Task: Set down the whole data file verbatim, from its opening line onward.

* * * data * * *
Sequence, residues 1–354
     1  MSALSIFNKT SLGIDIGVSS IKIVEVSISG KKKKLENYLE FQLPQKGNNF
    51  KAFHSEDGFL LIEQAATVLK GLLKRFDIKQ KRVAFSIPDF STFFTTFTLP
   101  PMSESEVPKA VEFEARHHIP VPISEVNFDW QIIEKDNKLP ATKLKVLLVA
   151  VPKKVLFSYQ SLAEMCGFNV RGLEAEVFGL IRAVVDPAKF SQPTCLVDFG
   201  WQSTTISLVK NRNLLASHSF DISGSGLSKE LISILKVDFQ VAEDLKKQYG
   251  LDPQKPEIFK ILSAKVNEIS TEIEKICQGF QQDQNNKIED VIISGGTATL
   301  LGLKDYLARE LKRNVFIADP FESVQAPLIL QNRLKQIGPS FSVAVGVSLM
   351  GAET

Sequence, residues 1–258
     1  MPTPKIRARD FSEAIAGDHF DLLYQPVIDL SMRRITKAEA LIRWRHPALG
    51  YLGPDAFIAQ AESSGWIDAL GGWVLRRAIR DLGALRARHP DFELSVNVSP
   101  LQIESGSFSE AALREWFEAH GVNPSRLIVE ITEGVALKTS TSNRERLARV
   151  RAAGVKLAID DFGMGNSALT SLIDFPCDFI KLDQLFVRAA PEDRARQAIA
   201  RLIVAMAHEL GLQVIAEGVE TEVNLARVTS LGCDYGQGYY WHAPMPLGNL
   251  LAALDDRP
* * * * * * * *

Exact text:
Sequence, residues 1–354
     1  MSALSIFNKT SLGIDIGVSS IKIVEVSISG KKKKLENYLE FQLPQKGNNF
    51  KAFHSEDGFL LIEQAATVLK GLLKRFDIKQ KRVAFSIPDF STFFTTFTLP
   101  PMSESEVPKA VEFEARHHIP VPISEVNFDW QIIEKDNKLP ATKLKVLLVA
   151  VPKKVLFSYQ SLAEMCGFNV RGLEAEVFGL IRAVVDPAKF SQPTCLVDFG
   201  WQSTTISLVK NRNLLASHSF DISGSGLSKE LISILKVDFQ VAEDLKKQYG
   251  LDPQKPEIFK ILSAKVNEIS TEIEKICQGF QQDQNNKIED VIISGGTATL
   301  LGLKDYLARE LKRNVFIADP FESVQAPLIL QNRLKQIGPS FSVAVGVSLM
   351  GAET

Sequence, residues 1–258
     1  MPTPKIRARD FSEAIAGDHF DLLYQPVIDL SMRRITKAEA LIRWRHPALG
    51  YLGPDAFIAQ AESSGWIDAL GGWVLRRAIR DLGALRARHP DFELSVNVSP
   101  LQIESGSFSE AALREWFEAH GVNPSRLIVE ITEGVALKTS TSNRERLARV
   151  RAAGVKLAID DFGMGNSALT SLIDFPCDFI KLDQLFVRAA PEDRARQAIA
   201  RLIVAMAHEL GLQVIAEGVE TEVNLARVTS LGCDYGQGYY WHAPMPLGNL
   251  LAALDDRP